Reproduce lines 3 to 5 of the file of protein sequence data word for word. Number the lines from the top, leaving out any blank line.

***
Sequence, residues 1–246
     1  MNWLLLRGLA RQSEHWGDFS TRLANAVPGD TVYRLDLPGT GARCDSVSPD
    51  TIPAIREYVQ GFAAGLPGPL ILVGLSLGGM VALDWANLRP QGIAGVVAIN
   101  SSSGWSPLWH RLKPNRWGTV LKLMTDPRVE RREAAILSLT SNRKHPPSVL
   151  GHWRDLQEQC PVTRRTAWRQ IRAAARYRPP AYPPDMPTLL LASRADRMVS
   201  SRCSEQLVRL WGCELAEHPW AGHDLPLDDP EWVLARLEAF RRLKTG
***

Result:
    51  TIPAIREYVQ GFAAGLPGPL ILVGLSLGGM VALDWANLRP QGIAGVVAIN
   101  SSSGWSPLWH RLKPNRWGTV LKLMTDPRVE RREAAILSLT SNRKHPPSVL
   151  GHWRDLQEQC PVTRRTAWRQ IRAAARYRPP AYPPDMPTLL LASRADRMVS